Deo is an American citizen. He doesn’t have to go back to Burundi. But he has returned continually and keeps on returning, and, amid the postwar wreckage, with the help of friends and family, he has created a clinic and public health system, free to those who can’t pay, in a rural village—part of a beginning, Deo dreams, of a new Burundi.
This facility was a pile of rocks when I visited the site in the summer of 2006. By the fall of 2008, it had become a medical center with several new buildings, a trained professional staff, and a fully stocked pharmacy. In its first year of operation it treated 21,000 different patients. (The organization that Deo founded and that sponsors and operates this facility is called Village Health Works.)
Deo was very young when he went through his long travail. Several strangers helped to save him from death and despair in Burundi and New York. So did sheer courage and pluck, and also Columbia University, which he attended as an undergraduate. But when it’s come to dealing with the burden of his memories, the public health system and clinic that he founded has been the nearest thing to a solution. In the end, it’s neither forgetting the past nor dwelling on the past that has worked for him. For him the answer has been remembering and acting. I once asked Deo why he had studied philosophy at Columbia. He told me, "I wanted to understand what had happened to me." In the end, he received what most students of philosophy receive—not answers, but more questions. As I was trying to describe his effort to build a clinic, I found myself writing: "Deo had discovered a way to quiet the questions he’d been asking at Columbia. That is, he saw there might be an answer for what troubled him most about the world, an answer that lay in his hands, indeed in his memory. You had to do something."—Tracy Kidder
(Photo © Gabriel Amadeus Cooney)
From Publishers Weekly
Starred Review. With an anthropologist's eye and a novelist's pen, Pulitzer Prize–winning Kidder (Mountains Beyond Mountains) recounts the story of Deo, the Burundian former medical student turned American émigré at the center of this strikingly vivid story. Told in flashbacks from Deo's 2006 return visit to Burundi to mid-1990s New York and the Burundi of childhood memory and young adulthood—as the Rwandan genocide spilled across the border following the same inflamed ethnic divisions—then picking up in 2003, when author and subject first meet, Deo's experience is conveyed with a remarkable depth of vision and feeling. Kidder renders his subject with deep yet unfussy fidelity and the conflict with detail and nuance. While the book might recall Dave Eggers's novelized version of a real-life Sudanese refugee's experience in What Is the What, reading this book hardly covers old ground, but enables one to walk in the footsteps of its singular subject and see worlds new and old afresh. This profoundly gripping, hopeful and crucial testament is a work of the utmost skill, sympathy and moral clarity. (Aug.)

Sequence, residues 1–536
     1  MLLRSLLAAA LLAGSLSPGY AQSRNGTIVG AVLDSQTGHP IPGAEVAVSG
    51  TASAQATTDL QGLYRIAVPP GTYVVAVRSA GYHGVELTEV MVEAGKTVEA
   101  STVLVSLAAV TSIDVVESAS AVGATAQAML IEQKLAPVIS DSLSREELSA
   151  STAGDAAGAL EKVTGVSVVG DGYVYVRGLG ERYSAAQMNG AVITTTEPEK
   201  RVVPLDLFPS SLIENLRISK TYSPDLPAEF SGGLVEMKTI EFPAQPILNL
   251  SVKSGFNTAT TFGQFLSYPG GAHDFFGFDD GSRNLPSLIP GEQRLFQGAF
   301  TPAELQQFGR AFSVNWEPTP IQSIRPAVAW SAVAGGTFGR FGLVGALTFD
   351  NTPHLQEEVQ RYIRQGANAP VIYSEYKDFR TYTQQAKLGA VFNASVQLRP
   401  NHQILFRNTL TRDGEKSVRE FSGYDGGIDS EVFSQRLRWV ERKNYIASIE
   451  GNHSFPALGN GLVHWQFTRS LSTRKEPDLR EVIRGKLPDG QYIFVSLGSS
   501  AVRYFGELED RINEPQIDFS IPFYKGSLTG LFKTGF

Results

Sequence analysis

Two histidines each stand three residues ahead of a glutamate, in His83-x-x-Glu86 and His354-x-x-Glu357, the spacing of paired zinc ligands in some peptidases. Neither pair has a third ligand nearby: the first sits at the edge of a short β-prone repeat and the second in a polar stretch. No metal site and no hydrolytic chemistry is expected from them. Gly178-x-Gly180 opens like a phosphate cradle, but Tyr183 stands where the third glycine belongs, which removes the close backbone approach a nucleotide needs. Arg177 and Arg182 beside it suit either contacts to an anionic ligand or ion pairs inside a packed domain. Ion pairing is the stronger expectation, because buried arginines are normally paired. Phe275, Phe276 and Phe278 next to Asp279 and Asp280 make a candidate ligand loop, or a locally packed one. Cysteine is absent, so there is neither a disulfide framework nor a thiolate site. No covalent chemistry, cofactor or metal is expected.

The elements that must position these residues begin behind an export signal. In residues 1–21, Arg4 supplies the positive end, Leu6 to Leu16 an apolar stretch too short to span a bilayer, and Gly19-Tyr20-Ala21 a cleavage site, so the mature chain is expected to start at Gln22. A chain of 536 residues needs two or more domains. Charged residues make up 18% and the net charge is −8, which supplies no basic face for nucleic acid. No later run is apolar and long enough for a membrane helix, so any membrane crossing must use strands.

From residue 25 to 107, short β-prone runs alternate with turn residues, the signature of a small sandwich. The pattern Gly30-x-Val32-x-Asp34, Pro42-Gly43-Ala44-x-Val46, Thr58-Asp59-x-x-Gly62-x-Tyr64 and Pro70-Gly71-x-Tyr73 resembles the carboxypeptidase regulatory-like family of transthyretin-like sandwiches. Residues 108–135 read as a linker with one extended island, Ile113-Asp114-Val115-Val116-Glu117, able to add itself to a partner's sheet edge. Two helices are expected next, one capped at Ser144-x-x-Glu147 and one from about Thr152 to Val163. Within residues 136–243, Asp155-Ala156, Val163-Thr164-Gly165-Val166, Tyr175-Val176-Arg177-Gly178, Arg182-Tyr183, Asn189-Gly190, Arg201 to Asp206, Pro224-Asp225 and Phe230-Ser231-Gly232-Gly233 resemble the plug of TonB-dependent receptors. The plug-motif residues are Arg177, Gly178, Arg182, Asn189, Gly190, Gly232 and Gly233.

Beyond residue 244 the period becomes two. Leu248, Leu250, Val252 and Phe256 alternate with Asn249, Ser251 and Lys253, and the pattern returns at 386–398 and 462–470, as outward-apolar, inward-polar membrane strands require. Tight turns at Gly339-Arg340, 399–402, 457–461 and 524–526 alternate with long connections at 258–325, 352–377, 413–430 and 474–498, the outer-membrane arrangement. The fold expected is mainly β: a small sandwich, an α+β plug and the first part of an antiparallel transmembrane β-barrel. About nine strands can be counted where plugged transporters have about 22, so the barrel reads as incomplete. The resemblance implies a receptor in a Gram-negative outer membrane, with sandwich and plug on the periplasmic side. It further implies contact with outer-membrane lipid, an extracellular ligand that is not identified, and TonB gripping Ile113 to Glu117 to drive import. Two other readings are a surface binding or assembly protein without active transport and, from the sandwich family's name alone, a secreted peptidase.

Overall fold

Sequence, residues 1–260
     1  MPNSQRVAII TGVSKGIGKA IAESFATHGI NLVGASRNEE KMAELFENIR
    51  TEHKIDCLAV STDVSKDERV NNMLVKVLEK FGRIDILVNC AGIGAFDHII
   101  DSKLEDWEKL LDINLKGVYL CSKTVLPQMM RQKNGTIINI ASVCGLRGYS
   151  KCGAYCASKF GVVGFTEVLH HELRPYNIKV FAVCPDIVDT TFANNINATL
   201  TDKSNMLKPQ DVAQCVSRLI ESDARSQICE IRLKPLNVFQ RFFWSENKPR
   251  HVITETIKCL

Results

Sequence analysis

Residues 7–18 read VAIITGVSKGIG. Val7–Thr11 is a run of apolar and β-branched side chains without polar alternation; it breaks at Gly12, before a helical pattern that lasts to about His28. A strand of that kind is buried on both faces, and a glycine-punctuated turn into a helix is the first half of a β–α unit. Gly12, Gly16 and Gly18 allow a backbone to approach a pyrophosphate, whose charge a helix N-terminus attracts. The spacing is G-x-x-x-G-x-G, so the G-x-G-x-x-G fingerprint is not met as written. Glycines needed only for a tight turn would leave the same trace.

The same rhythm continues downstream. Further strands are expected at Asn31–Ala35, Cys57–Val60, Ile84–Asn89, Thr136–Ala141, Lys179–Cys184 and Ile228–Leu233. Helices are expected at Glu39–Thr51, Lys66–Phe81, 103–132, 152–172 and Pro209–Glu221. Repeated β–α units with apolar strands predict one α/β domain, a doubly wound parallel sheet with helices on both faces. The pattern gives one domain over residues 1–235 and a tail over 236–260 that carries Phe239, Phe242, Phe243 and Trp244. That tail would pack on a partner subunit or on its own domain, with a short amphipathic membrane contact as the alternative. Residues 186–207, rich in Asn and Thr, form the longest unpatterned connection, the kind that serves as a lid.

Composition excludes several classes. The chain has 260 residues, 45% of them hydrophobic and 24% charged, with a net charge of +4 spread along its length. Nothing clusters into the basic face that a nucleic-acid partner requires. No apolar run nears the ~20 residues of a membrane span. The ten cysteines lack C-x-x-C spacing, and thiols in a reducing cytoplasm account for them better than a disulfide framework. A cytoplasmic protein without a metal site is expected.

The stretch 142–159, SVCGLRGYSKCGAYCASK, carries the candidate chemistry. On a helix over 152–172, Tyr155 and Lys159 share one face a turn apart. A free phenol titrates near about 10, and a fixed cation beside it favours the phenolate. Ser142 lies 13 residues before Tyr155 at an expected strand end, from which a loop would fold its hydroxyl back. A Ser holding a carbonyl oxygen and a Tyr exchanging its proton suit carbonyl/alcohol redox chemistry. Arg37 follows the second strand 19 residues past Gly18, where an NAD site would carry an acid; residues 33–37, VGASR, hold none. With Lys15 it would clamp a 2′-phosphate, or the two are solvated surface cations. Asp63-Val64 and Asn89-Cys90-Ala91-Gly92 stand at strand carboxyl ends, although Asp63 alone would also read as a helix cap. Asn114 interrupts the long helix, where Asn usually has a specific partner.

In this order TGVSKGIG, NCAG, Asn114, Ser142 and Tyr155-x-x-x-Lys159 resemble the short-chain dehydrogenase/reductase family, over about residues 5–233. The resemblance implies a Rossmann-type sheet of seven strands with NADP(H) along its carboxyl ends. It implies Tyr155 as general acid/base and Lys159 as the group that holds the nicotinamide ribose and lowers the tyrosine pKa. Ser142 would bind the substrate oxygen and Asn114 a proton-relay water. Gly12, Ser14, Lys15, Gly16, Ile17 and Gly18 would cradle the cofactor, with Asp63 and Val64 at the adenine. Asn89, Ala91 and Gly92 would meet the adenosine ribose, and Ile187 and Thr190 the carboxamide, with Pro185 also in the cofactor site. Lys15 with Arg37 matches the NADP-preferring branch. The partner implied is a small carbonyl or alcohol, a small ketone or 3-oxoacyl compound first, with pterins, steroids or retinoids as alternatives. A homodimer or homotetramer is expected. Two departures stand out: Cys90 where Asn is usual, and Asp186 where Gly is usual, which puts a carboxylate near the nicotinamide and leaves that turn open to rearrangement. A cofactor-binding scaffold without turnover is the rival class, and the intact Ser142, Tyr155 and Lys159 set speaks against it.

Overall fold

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This is an amazing though disturbing book. It tells the true story of a medical student, Deo, who escaped from the devastating civil war and genocide in Burundi and came to the United States. The author details the traumas he encounters both in his home country and as an immigrant who doesn’t speak English. The story is told with a number of flashbacks and flash forwards which give almost agonizing detail about his trials and his pain through all this. Deo is amazingly persistent and determined to complete his medical training and to help his people heal. Deo should inspire all of us to overcome our troubles and pursue difficult goals in life.